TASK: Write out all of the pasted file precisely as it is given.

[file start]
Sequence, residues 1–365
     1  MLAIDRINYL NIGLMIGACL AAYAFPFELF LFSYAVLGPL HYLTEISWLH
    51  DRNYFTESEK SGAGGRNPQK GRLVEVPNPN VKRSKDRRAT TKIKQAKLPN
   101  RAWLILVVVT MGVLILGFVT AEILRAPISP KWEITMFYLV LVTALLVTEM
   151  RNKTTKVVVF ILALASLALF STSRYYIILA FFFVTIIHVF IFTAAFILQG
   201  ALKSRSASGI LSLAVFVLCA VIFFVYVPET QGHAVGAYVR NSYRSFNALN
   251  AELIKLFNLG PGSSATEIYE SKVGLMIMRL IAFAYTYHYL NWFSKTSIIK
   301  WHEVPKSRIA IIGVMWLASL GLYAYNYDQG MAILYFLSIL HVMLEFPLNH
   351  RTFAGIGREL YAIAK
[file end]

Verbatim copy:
Sequence, residues 1–365
     1  MLAIDRINYL NIGLMIGACL AAYAFPFELF LFSYAVLGPL HYLTEISWLH
    51  DRNYFTESEK SGAGGRNPQK GRLVEVPNPN VKRSKDRRAT TKIKQAKLPN
   101  RAWLILVVVT MGVLILGFVT AEILRAPISP KWEITMFYLV LVTALLVTEM
   151  RNKTTKVVVF ILALASLALF STSRYYIILA FFFVTIIHVF IFTAAFILQG
   201  ALKSRSASGI LSLAVFVLCA VIFFVYVPET QGHAVGAYVR NSYRSFNALN
   251  AELIKLFNLG PGSSATEIYE SKVGLMIMRL IAFAYTYHYL NWFSKTSIIK
   301  WHEVPKSRIA IIGVMWLASL GLYAYNYDQG MAILYFLSIL HVMLEFPLNH
   351  RTFAGIGREL YAIAK